2 Kitikmeot communities see 1st presumptive COVID-19 cases

Cases reported in Gjoa Haven and Kugaaruk

Presumptive cases of COVID-19 were reported in Gjoa Haven, pictured, and Kugaaruk on Friday. (File Photo)

By Mélanie Ritchot

Presumptive cases of COVID-19 are being reported in Gjoa Haven and Kugaaruk, a first for both communities.

Dr. Michael Patterson, Nunavut’s chief public health officer, reported the two new presumptive cases and seven new confirmed cases in a news release on Friday.

COVID-19 has now been confirmed or presumed to be present in at least 17 of Nunavut’s 25 communities, about a week after Health Minister John Main said he expected it to be in every community by the end of January.

Meanwhile, the tally of confirmed cases in Nunavut dipped to 128, with a total of 253 recoveries, 51 of them being added to the count on Friday.

There were a total of 128 active cases of COVID-19 in Nunavut on Friday, without counting presumptive cases of the virus. (Graphic by Mélanie Ritchot)

Active case breakdown:

  • Arviat — 8
  • Baker Lake — 13
  • Cambridge Bay — 10
  • Chesterfield Inlet — 5
  • Coral Harbour — 9
  • Iqaluit — 20
  • Kinngait — 16
  • Pangnirtung — 5
  • Pond Inlet — 1
  • Qikiqtarjuaq — 1
  • Rankin Inlet — 27
  • Sanirajak — 5
  • Sanikiluaq — 1
  • Whale Cove — 7
  • Taloyoak — 0 ( + 1 previously-reported presumptive case)
  • Gjoa Haven — 0 (+ 1 new presumptive case)
  • Kugaaruk — 0 (+ 1 new presumptive case)

Arviat’s case count saw a big change on Friday, going from 20 to eight overnight.

Earlier this week Patterson said multiple recoveries would likely be reported in communities in clumps like this, as total households get added to the resolved case count at the same time instead of on a case-by-case basis.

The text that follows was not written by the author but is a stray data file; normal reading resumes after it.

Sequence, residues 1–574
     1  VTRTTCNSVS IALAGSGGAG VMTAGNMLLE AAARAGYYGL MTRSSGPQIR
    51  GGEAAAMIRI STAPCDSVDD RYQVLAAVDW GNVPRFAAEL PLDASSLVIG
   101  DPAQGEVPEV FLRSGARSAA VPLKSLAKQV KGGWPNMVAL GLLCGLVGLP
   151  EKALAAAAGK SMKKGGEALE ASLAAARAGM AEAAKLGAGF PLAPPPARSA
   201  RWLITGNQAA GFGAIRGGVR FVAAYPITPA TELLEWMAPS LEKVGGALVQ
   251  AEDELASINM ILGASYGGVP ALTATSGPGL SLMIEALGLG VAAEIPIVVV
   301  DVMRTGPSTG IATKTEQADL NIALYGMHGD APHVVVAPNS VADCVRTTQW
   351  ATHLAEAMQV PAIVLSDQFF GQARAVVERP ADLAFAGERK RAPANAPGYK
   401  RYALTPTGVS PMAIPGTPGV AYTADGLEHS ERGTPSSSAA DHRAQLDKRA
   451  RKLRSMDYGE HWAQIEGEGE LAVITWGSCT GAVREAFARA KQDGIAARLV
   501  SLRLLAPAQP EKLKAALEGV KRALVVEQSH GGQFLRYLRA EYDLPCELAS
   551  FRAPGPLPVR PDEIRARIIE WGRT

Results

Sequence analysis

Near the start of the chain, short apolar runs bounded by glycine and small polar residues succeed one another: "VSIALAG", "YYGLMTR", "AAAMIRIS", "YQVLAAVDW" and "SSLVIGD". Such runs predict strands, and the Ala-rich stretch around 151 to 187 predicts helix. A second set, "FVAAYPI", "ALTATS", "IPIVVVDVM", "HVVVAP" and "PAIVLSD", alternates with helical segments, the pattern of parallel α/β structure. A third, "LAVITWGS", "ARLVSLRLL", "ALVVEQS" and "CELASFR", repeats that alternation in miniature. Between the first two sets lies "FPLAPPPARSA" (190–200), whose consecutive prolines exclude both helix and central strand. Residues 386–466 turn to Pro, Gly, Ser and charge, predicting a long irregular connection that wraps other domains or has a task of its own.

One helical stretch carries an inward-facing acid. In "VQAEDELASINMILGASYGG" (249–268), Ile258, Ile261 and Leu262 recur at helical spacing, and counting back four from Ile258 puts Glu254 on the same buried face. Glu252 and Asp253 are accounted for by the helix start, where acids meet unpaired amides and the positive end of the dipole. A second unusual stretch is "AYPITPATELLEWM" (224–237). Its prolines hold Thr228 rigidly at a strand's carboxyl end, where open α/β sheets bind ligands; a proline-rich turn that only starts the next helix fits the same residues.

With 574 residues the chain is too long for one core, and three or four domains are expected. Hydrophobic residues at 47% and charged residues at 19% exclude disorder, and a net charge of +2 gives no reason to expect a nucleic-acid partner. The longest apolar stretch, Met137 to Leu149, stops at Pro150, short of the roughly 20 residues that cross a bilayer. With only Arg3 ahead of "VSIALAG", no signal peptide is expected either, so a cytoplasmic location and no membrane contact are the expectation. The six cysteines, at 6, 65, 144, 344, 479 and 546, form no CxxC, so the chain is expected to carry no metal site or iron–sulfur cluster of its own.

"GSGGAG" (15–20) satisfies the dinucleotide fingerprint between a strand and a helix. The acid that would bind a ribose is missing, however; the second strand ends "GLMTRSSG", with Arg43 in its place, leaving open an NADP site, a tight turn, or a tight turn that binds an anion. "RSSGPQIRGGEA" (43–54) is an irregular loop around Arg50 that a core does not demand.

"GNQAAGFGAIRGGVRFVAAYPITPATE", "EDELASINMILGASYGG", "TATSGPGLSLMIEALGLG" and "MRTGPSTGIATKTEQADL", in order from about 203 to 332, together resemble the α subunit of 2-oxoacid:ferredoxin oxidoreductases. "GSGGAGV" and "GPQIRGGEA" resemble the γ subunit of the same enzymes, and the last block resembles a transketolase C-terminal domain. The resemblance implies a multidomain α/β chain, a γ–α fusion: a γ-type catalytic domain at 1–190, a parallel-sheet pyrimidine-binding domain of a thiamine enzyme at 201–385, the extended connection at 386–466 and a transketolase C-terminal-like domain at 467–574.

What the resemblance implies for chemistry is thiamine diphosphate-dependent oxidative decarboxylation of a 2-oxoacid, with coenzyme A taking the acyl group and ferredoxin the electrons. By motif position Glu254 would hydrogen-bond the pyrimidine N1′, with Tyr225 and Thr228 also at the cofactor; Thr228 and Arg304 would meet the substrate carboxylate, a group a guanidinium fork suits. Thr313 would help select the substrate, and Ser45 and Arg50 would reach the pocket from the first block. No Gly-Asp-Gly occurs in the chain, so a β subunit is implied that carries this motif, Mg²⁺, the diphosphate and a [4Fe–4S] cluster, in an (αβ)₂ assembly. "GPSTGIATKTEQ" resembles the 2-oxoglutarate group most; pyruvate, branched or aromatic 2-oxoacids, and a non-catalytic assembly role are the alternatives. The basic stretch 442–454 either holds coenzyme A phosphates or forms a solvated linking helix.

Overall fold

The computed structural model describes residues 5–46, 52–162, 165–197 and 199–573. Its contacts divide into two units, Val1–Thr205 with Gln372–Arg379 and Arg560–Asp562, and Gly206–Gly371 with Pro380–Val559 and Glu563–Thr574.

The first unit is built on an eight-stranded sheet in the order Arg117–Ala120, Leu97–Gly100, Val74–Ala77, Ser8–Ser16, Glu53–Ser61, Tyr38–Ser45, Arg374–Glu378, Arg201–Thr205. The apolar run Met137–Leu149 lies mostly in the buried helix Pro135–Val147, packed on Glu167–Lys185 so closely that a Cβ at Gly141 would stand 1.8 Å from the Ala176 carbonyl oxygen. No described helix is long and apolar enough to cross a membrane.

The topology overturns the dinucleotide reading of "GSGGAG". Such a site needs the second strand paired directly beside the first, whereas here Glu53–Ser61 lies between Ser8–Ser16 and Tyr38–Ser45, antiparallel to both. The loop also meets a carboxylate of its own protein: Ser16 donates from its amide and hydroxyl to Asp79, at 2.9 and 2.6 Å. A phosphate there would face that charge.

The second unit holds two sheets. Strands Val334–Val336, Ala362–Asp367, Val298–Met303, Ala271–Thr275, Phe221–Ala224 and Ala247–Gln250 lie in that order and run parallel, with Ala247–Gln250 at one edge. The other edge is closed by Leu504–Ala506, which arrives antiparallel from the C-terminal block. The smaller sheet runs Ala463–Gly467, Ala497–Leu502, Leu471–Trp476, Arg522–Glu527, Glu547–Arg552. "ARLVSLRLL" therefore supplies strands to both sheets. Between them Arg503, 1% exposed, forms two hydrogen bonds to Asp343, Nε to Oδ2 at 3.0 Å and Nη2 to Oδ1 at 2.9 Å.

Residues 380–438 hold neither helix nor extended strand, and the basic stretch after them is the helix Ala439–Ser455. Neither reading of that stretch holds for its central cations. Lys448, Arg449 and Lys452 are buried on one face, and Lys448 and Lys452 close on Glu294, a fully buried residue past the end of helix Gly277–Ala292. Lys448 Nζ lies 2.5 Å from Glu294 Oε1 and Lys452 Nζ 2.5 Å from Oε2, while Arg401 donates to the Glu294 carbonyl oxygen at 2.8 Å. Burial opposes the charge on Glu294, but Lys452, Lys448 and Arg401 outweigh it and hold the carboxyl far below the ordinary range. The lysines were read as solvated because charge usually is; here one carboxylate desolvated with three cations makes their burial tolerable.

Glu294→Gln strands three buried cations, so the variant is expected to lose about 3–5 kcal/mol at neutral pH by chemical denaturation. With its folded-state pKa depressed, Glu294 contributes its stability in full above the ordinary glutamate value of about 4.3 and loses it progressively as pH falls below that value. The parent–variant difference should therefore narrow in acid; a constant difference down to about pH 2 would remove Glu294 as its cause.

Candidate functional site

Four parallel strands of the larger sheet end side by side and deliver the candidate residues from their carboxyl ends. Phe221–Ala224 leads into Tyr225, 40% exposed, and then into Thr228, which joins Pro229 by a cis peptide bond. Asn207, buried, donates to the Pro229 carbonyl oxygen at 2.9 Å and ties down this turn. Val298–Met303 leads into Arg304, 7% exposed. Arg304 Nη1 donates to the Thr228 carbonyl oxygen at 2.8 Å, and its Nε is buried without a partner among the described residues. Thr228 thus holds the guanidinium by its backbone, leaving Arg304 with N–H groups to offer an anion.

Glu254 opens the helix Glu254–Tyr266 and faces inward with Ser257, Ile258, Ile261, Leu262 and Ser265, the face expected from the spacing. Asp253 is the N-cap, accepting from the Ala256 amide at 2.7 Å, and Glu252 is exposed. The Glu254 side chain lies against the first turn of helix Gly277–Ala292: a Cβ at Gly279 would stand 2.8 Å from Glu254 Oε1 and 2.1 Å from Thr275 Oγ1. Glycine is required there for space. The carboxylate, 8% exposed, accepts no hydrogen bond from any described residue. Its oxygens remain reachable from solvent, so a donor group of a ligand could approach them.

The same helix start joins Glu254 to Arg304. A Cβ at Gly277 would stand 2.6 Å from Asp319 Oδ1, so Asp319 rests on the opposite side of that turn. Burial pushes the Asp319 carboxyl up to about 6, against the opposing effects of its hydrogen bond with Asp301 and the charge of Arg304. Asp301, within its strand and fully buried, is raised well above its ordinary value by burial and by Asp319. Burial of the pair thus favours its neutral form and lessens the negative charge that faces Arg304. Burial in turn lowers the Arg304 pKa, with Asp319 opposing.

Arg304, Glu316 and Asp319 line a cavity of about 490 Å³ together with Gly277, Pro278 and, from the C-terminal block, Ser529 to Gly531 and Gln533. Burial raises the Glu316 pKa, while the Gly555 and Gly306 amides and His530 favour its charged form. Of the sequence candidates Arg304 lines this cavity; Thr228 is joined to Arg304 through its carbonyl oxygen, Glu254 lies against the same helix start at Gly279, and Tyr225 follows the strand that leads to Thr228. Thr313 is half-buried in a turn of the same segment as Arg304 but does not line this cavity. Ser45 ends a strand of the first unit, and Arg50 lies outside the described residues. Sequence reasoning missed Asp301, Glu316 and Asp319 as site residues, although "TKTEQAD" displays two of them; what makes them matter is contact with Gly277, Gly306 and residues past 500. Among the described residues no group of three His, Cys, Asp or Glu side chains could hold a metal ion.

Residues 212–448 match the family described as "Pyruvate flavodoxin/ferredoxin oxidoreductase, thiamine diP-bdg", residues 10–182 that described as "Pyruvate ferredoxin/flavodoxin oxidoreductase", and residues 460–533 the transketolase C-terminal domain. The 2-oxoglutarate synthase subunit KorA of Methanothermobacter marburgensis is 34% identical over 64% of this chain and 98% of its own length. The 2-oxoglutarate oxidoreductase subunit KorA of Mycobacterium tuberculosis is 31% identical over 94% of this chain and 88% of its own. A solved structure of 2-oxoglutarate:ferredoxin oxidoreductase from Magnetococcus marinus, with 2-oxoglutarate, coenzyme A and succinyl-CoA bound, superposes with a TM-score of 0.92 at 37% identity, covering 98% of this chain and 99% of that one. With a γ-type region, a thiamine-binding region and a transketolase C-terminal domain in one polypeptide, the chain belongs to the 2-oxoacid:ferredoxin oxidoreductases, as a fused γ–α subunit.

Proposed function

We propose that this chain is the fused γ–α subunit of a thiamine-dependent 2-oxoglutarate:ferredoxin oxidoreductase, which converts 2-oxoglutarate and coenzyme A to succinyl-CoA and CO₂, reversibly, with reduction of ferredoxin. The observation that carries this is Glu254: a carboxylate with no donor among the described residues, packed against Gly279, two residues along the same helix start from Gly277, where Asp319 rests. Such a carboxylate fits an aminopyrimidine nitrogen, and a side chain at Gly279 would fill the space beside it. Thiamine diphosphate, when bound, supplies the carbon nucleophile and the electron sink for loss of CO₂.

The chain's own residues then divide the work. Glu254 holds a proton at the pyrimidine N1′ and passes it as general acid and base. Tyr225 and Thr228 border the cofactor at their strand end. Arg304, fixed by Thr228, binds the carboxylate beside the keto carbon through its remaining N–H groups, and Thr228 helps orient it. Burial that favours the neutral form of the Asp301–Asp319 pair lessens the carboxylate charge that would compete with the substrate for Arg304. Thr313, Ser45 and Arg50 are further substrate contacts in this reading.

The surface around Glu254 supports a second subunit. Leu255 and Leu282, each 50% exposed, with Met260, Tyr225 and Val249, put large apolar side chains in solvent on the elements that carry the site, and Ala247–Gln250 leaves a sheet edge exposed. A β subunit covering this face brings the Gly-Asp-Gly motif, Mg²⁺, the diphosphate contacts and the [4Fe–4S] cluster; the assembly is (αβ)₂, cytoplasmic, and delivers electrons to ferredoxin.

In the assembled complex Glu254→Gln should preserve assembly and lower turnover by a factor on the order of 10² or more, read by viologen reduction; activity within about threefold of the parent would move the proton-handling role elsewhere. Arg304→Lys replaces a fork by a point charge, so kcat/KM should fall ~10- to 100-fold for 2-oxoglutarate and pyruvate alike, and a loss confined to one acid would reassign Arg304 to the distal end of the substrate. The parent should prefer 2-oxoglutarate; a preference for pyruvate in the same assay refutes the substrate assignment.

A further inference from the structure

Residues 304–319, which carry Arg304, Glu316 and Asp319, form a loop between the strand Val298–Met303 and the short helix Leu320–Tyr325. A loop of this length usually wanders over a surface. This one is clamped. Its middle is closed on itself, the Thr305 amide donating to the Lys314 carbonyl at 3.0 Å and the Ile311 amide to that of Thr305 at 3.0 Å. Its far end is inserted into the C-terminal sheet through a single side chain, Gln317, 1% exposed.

The presumptive case in Taloyoak has been pending confirmation since at least Tuesday, when it was first announced.

The presumptive cases in Taloyoak, Gjoa Haven and Kugaaruk won’t be added to the territory’s official case count until they are confirmed by PCR testing in a lab, either in Iqaluit or Rankin Inlet.

With the Government of Nunavut’s official case count only tallying confirmed cases, some communities like Cambridge Bay are producing their own case counts that include presumptive positives.

Patterson confirmed on Thursday some local health centres are reporting rapid test results directly to mayors and hamlets.

After this weekend, he said he expects testing and reporting backlogs to be cleared, and for results to consistently come back within 24 hours, meaning the case count will get more accurate.

Some public health restrictions are expected to ease on Monday, although some limits will remain in place.

Community travel restrictions will be lifted, five people plus household members can gather indoors, 25 people can gather outdoors, and personal services like hairdressers will be allowed to open.

Child care facilities will also be allowed to reopen, while schools are slated to reopened on a case-by-case basis as of Jan. 24.

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(1) Comment:

  1. Posted by Cambaymiut on

    The GN’s numbers are delusions. Cambridge Bay had 50+ presumptive positives as a few days ago, and the lab test results are getting back so slowly (people who were tested over a week ago still don’t have any confirmation one way or the other) that they’re useless.

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